CASPER, Wyo. - These are boom times in the resource-rich Cowboy State, courtesy of an oil explosion whose ripples can be felt across the land. Good-paying blue-collar jobs in the petroleum and natural gas fields are as plentiful as pickups here, and the unemployment rate - 4.6% in July - remains far below the 7.4% national average. But critics worry that the prodigious oil output includes a potential byproduct. Despite such fast-dollar success, heavy reliance on a single industry known for its dramatic downturns could one day help paint the state into a precarious financial corner, they say. Many fear the day when Wyoming's oil market fails, as it last did in the mid-1980s, exposing a fundamental flaw in the state's job picture: The lure of the oil dollar has prompted teenagers to skip college, or abandon high school, for the petroleum fields - many without a Plan B if things go bust.
BUSINESS
November 16, 1990 | JUANITA DARLING, TIMES STAFF WRITER
The Mexican government said its 1991 budget, submitted to congress Thursday, reflects its commitment to conservative fiscal management. Despite the windfall from the Persian Gulf crisis, the $70-billion budget is based on oil selling at half the current price. The price of oil, which accounts for one-third of the government's income, has skyrocketed since August. It is now selling for about $34 a barrel on world markets.
BUSINESS
September 14, 2012 | By Ronald D. White, Los Angeles Times
In the early days of California's oil boom, derricks crowded beaches, covered hillsides and dominated cityscapes. If a road was in the way of the oil, the road was moved. Nowadays, after years of falling oil production, the state is seeing a new drilling boom because of high petroleum prices. In July, an average of 53 rotary rigs were exploring for crude and natural gas in California, the most for that month in 22 years, according to industry data. Drillers looking to revive old urban oil fields find themselves surrounded by homes and businesses that weren't there way back when, and the companies are negotiating increasingly complex agreements with neighbors and local officials on rules governing aesthetics, noise, hours of operation and much more.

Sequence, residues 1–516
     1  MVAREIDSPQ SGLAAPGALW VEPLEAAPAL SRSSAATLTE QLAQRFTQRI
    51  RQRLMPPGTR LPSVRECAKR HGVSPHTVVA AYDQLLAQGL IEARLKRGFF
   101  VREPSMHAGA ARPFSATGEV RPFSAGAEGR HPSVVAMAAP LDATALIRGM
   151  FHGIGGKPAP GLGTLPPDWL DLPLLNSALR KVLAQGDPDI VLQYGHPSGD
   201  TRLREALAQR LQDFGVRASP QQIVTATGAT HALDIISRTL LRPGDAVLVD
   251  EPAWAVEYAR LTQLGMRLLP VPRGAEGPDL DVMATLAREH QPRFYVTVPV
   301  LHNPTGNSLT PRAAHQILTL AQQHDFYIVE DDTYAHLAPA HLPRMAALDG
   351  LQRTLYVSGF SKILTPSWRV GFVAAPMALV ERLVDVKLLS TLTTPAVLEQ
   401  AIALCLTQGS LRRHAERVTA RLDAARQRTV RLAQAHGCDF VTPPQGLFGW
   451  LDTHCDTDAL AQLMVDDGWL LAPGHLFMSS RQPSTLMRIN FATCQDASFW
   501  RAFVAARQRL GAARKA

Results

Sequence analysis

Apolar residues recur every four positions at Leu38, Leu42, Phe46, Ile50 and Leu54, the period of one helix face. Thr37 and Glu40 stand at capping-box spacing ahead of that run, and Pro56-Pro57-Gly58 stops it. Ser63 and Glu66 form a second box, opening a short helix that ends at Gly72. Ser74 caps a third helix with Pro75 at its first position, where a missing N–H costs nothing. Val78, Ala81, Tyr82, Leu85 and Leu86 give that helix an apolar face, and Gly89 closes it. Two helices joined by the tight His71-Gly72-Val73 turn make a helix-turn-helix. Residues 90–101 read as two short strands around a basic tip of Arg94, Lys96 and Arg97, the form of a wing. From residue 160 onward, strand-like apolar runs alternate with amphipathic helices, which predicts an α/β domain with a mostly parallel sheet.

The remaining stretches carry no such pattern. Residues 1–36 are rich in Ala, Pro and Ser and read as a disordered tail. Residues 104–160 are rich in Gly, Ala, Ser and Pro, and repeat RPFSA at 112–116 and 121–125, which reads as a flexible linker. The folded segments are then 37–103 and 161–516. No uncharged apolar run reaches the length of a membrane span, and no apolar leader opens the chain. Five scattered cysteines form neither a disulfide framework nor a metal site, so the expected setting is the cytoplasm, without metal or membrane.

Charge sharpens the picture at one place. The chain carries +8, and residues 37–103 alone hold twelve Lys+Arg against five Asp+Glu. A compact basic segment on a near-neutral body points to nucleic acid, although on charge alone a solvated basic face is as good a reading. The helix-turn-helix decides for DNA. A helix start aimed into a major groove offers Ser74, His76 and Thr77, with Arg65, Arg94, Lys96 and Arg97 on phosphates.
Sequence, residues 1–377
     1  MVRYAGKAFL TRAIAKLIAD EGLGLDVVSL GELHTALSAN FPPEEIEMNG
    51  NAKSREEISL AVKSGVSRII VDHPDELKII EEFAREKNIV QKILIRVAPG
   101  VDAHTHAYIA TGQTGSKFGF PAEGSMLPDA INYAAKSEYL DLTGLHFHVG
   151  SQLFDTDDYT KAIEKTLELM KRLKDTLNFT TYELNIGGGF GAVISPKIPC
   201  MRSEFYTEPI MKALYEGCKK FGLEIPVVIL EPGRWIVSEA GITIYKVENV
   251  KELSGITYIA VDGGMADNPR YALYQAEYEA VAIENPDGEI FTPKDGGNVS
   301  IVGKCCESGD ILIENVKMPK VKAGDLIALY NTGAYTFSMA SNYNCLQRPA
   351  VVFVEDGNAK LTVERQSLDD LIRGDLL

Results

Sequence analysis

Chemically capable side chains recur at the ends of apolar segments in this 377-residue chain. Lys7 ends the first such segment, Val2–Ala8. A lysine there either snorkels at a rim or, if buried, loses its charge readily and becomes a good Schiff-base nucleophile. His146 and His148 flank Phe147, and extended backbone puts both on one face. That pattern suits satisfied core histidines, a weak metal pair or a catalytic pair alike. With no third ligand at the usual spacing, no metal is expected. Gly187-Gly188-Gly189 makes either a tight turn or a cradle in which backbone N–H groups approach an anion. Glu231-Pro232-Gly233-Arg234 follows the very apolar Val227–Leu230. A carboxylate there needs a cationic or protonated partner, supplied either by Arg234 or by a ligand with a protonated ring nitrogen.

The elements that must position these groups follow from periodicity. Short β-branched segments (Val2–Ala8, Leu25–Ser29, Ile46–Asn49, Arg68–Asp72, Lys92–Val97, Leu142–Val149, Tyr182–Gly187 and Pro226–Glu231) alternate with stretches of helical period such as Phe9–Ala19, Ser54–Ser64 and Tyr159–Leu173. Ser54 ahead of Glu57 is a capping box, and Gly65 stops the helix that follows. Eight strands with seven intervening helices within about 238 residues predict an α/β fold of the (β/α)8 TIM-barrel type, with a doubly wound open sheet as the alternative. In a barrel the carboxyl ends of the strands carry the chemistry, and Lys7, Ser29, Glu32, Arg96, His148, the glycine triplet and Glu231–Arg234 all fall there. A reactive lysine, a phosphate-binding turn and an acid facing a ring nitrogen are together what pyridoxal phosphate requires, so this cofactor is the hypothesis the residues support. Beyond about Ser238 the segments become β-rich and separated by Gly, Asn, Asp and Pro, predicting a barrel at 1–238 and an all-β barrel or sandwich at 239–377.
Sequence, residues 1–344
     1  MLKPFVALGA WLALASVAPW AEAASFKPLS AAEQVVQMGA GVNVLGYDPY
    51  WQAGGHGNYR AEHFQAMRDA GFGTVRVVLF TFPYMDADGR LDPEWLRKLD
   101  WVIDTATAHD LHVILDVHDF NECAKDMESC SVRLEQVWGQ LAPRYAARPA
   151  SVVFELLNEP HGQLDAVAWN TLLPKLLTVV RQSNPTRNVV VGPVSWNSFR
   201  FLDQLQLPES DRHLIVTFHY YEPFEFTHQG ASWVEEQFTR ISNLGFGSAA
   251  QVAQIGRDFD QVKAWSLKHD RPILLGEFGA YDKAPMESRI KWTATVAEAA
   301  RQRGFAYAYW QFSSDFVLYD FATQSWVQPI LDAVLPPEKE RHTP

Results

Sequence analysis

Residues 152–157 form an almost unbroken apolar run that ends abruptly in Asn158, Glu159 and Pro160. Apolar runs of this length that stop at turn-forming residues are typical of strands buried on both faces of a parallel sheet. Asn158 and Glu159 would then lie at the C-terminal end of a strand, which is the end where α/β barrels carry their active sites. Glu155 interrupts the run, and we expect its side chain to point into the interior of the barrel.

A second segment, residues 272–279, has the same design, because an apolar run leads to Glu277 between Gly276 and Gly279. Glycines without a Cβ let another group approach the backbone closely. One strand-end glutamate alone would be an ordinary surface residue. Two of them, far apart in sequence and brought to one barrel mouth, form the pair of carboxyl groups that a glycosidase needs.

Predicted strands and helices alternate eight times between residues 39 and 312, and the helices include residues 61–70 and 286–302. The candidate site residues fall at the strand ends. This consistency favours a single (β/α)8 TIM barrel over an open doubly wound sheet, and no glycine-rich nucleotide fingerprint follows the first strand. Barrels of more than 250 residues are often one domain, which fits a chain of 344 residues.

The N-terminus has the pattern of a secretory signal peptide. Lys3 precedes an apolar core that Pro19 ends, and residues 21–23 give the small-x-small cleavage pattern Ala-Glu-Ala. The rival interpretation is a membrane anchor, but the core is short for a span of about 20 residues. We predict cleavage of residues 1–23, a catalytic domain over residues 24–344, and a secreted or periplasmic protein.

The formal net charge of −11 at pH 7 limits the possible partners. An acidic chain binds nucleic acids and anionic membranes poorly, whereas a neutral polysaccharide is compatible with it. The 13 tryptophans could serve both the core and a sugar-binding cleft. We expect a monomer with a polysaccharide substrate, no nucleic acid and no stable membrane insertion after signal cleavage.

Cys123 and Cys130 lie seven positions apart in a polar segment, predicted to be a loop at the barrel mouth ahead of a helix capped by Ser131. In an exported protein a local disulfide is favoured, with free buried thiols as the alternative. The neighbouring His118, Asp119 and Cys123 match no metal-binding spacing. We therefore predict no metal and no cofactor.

CALIFORNIA | LOCAL
September 4, 2013 | George Skelton, Capitol Journal
SACRAMENTO - California may be on the brink of another great oil boom. It consequently could be heading into an environmental disaster. A state senator from Agoura Hills is trying to allow the first while heading off the second. Democrat Fran Pavley's oil fracking regulation bill is one of the most significant and controversial that the Legislature is fighting over in the final days of its 2013 session, scheduled to adjourn Sept. 13. Unless you have been buried 10,000 feet underground with all that untapped oil, you've probably read about fracking, formally known as hydraulic fracturing.
BUSINESS
June 11, 2013 | By Shan Li
The chief executive of oil giant Chevron Corp. says that oil and gas producers must regulate themselves more tightly over hydraulic fracturing to address "legitimate concerns" that the practice is unsafe and harmful to the environment. At an event for the Center for Strategic and International Studies, John Watson said the energy industry must work harder to police itself as the public learns more about so-called fracking, the controversial technique that involves injecting large volumes of chemically laced water and sand deep into the ground to release oil or gas. "There are some risks out there.